1994: Disco Inferno - D.I. Go Pop

Disco Inferno are the alpha and omega of post-rock incarnate. This may come as a surprise to those weaned on the vanilla palette of your average Explosions in the Sky album, but it’s an unavoidable conclusion. A clearer view is held in light of this kernel of the original definition, cemented by famed critic Simon Reynolds: “using rock instrumentation for non-rock purposes.” Shockingly unknown in their time and unheralded in ours, the band deserves far more visibility than history has afforded. My aim is to resuscitate interest in what’s arguably the pinnacle (and inarguably a major touchstone) of modern experimental rock.

D.I. Go Pop is the band’s second LP, issued after a string of increasingly brilliant singles and EPs saw them scaling the humble roots of second string post-punk to the heights of ecstatic invention. Although the smugly ironic title begs otherwise, it’s not a straight reaction against pop forms. Instead of rebelling against or directly subverting pop tropes, this music worked to actively reconstruct the form itself, at least as it was then known. These 33 groundbreaking minutes are the result of a scenario I can only hope went something like this: Singer Ian Crause and company spend an acid-fueled weekend battering their way through a record shop, emerging into sobriety amidst a landscape of molten vinyl, teeming with magnetic tape and jagged CD shards. Realizing the futility of attempting to rebuild or replace the stacks of broken eras and genres, they attempt to assemble something completely alien: something so new and perverse that — instead of prison — they’re rewarded with recording contracts, ample studio time, and one of those gigantic checks given out after golf tournaments. They’d break the mold, change the world, reverse the narcotic slide into sludgy nu-metal and rehashed Britpop, and bask in the light of a devoted fanbase they so urgently deserve. Unfortunately, the music business isn’t known for its reinforcement of ingenuity or its forgiving nature in the face of non-existent sales.

Yet the work survives even if Disco Inferno did not. This batch of tunes was far ahead of its time in the use of sampling, presaging everything from the cut-and-paste electronica of Matmos to Animal Collective’s pop breakthrough Merriweather Post Pavilion. Fusing non-music samples like the staccato camera shutters and pinball sirens of “Starbound: All Burnt Out and Nowhere to Go” to a warped and brittle children’s choir, the band builds a rhythm floor over which the stream-of-consciousness lyrics and languid Durutti Column-esque guitar lines dance. This peculiar melange bubbles up all over the album, increasingly unhinged, until a tipping point where the coiled mystery is unwound and a stray missive like “nobody wants to die, nobody wants to die…” spills out and hangs in the air unadorned. More often than not, the sonic apparitions actually work in service of the observable nature of a given track. Opener “In Sharkey Water” floats in a basin slowly filling from a leaky faucet, an air raid siren in “A Whole Wide World Ahead” vacillates between dread and bravery, and majestic closer “Footprints In Snow” is urged along by… the soft crush of footsteps in snow.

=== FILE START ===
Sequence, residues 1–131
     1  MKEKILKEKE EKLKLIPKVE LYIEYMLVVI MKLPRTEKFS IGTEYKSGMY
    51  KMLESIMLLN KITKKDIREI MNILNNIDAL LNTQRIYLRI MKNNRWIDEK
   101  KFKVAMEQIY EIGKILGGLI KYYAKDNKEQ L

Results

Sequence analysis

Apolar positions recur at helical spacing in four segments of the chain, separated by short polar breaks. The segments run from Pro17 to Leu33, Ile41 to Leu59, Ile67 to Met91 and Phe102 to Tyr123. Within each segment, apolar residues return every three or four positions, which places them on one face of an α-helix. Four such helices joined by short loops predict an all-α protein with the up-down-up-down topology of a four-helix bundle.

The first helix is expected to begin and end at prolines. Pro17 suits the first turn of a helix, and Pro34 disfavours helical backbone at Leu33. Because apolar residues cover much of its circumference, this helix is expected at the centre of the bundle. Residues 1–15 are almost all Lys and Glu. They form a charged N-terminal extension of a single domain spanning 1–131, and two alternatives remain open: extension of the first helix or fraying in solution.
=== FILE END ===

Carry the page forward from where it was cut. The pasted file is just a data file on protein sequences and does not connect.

Occasionally swerving into harsher realms of dissonance, cuts like “A Crash At Every Speed” feel at first like each element is at war with one another, a stew full of clashing opposites. Suddenly it congeals, opening up to breathe, and a song is born. To virgin ears, the whole of this album can come across as such. Repeated listens help one ease willingly into the new territory, though that’s hardly a negative point. Remember that when natives first saw the towering sails of Europe’s exploratory ships approaching the coast of America, they simply couldn’t comprehend that they were seeing not mountains over the ocean, but the massive vessels of a culture about to turn their world upside down. The crucial difference is that unlike the conquistadors, Disco Inferno simply wanted to shine on us the light of a fundamentally strange hue, a new context in which to enjoy pop music forms. This won’t decimate society and crush your religion. It will tweak your eardrums, and may just plant a knowing grin on your face.


There’s a lot of good music out there, and it’s not all being released this year. With DeLorean, we aim to rediscover overlooked artists and genres, to listen to music historically and contextually, to underscore the fluidity of music. While we will cover reissues here, our focus will be on music that’s not being pushed by a PR firm.

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